Ineke Mules for AL JAZEERA
Tuesday September 23
This meeting of the United Nations Economic and Social Council took on a rare tone of optimism this morning as delegates discussed solutions to eradicating extreme poverty.
The delegate for the US acknowledged that while there are still many regions where people have limited access to food and water, states should feel proud to have achieved a number of Millennium Development Goals before the 2015 deadline.
The US stressed the importance of coming together as a global community to tackle what they described as “the root of all insecurity issues.”
Brazil took the opportunity to highlight the recent success of their own welfare programmes, which ultimately saw the country removed from the world hunger map just last week.
The delegate for India also asked for support from other states, citing their ongoing struggle with extreme poverty which has created a significant gap between the rich and the poor and increasing levels of crime and violence.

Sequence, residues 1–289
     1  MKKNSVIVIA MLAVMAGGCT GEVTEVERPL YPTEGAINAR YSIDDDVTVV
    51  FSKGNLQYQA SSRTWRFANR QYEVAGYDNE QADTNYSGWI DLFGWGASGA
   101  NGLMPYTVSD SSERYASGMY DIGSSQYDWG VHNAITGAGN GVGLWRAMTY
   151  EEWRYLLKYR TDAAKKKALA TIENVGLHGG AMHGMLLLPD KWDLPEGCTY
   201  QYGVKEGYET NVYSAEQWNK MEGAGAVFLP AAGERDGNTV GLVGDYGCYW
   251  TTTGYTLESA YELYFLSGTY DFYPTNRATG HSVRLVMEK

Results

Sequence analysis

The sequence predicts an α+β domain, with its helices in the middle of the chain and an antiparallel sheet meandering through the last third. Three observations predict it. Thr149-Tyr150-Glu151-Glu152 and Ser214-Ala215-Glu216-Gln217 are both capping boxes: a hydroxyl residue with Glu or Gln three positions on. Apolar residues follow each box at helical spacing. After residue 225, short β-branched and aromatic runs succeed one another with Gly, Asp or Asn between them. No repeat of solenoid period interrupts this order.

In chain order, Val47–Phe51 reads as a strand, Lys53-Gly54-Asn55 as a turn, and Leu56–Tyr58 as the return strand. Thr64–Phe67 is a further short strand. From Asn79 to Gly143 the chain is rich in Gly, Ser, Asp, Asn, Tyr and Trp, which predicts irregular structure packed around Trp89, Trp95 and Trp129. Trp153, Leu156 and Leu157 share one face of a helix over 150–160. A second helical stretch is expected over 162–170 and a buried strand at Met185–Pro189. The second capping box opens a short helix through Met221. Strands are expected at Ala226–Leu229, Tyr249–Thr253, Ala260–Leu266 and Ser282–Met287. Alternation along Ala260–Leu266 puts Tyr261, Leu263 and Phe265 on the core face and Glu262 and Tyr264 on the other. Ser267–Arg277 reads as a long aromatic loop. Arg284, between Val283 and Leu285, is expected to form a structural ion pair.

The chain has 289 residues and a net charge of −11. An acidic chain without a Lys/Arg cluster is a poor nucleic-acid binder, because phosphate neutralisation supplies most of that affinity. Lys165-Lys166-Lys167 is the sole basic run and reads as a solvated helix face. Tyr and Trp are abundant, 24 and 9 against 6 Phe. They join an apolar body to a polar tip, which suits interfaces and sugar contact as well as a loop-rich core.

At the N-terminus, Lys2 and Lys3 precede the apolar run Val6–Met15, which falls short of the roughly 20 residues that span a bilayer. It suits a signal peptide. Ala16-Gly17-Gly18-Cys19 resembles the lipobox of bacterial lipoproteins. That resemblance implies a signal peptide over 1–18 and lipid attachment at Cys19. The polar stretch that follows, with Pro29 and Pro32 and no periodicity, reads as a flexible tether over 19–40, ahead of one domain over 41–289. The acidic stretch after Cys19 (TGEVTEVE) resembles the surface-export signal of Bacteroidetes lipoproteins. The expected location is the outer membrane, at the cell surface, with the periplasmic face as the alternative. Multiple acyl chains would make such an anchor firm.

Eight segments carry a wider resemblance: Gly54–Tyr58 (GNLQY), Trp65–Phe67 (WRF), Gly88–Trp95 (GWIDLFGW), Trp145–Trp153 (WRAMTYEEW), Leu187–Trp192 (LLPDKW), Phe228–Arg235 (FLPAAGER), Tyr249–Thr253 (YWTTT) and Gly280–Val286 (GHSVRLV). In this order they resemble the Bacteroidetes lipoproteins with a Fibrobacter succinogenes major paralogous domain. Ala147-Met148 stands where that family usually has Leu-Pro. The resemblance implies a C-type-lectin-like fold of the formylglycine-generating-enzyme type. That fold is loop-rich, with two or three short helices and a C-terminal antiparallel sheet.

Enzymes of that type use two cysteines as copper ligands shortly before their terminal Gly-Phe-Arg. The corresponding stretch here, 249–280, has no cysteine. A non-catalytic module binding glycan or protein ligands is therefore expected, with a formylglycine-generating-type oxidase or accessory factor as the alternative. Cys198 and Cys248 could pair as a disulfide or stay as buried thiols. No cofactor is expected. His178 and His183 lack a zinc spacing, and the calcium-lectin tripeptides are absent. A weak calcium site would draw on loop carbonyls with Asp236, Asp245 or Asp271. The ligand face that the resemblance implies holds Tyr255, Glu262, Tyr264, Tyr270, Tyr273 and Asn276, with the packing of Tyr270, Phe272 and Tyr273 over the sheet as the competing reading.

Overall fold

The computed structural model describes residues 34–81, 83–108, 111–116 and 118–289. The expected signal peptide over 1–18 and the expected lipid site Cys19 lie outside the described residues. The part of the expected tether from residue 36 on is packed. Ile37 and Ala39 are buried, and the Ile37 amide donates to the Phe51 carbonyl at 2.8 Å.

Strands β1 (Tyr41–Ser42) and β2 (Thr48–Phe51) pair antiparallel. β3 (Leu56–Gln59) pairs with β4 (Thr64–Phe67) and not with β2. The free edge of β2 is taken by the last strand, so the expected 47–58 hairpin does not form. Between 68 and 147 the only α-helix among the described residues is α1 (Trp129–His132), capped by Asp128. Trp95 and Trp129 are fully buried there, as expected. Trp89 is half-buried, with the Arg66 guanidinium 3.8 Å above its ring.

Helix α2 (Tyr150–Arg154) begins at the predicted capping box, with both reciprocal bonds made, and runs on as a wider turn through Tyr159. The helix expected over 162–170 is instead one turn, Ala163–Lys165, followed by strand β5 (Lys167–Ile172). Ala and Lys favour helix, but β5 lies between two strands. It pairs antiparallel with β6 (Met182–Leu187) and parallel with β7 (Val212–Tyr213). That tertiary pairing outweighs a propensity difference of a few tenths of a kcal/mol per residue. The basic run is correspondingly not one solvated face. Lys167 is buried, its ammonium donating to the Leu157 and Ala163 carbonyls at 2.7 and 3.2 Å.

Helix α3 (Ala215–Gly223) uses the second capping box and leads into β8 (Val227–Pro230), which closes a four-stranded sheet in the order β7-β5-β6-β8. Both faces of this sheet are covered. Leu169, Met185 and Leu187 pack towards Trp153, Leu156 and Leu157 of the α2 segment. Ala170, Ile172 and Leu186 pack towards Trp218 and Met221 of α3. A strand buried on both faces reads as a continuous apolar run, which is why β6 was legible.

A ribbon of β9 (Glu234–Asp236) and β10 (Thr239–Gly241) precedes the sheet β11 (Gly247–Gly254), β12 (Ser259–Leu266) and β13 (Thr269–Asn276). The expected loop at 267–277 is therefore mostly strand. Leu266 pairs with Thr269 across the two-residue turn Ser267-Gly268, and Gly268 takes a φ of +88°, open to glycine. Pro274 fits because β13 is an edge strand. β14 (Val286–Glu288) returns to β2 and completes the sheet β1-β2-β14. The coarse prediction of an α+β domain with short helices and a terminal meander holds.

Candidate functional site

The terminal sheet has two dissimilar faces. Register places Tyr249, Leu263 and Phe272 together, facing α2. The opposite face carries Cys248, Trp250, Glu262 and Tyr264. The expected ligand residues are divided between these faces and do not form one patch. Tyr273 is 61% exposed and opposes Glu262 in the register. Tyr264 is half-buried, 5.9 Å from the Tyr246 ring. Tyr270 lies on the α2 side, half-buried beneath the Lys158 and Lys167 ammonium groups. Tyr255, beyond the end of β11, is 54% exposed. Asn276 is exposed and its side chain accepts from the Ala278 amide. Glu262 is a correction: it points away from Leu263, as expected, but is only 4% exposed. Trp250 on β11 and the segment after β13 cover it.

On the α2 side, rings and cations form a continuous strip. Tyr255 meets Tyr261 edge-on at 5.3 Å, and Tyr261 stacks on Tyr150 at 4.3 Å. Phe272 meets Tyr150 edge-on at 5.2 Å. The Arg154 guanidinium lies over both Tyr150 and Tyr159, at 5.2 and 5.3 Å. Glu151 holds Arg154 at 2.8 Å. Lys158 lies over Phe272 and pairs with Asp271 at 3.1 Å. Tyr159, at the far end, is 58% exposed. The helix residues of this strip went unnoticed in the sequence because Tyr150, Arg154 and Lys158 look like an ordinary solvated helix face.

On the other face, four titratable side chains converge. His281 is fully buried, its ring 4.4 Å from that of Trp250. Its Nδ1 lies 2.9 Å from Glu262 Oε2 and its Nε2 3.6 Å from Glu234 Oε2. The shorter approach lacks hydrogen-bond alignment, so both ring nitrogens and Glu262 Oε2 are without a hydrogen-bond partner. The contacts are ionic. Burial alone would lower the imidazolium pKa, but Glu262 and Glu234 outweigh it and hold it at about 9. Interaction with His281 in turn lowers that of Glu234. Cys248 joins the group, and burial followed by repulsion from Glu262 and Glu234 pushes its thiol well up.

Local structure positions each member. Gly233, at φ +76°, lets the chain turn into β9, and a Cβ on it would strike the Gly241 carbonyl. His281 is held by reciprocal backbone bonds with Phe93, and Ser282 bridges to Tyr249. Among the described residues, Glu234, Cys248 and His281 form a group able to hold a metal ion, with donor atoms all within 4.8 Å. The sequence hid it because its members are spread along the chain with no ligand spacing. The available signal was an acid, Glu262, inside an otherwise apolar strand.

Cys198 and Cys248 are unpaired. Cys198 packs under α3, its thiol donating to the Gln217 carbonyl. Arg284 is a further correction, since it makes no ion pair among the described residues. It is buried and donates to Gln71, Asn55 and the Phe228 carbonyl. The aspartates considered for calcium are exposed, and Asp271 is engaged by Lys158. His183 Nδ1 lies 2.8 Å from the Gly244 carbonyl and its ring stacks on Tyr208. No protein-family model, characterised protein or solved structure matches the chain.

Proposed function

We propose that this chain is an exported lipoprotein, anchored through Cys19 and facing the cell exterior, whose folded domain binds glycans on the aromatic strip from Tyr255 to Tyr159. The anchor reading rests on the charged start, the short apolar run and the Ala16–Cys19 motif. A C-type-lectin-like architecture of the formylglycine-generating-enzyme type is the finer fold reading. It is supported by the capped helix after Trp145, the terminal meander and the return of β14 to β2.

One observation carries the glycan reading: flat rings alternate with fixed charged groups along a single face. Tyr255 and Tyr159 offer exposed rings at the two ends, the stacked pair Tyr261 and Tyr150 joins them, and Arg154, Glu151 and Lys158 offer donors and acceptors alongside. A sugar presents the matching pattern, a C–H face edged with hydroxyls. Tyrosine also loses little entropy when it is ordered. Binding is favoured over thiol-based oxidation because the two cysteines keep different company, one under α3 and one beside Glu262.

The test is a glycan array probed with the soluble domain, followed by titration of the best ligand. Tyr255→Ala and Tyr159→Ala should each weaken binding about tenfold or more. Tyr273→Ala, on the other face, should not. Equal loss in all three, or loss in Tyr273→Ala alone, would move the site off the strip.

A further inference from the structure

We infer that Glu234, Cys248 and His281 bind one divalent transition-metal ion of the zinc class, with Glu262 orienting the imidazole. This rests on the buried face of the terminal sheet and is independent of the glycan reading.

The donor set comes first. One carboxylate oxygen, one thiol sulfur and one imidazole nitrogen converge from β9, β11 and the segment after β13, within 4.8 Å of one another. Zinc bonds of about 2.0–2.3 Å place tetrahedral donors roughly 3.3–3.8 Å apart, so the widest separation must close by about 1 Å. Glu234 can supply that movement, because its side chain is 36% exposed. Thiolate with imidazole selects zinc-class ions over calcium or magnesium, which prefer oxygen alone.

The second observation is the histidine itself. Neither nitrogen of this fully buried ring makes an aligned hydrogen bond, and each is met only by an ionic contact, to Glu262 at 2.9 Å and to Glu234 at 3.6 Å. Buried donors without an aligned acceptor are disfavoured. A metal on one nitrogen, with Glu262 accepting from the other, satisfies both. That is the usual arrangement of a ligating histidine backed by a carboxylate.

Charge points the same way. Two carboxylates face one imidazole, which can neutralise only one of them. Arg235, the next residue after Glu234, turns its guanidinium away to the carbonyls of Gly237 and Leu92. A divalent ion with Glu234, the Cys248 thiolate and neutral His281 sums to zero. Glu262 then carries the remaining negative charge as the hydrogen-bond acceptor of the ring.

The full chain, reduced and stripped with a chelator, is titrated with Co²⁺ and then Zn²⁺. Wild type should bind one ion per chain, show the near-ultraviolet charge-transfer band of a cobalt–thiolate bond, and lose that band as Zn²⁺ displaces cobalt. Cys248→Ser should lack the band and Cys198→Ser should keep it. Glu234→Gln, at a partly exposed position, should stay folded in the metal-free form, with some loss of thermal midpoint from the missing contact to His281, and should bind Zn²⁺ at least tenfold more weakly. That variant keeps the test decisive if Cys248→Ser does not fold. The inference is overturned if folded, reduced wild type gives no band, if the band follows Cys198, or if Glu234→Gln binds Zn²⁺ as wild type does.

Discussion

The majority of the committee agreed that eradicating poverty was a three-fold problem which should include focus on education, the environment and economic development.
Nigeria in particular raised concerns over sustainable energy, calling it the “lifeblood of every country around the world.”
The delegate went on to suggest that while Nigeria is endowed with an enormous amount of resources, the bulk of its economic activity is based on the inherently finite sources of gas and oil.
At the time of publication, delegates were drafting their first working paper that seeks to address a number of pressing issues, including; eradicating extreme poverty, universal secondary school education, sustainable development, health, the environment and gender equality.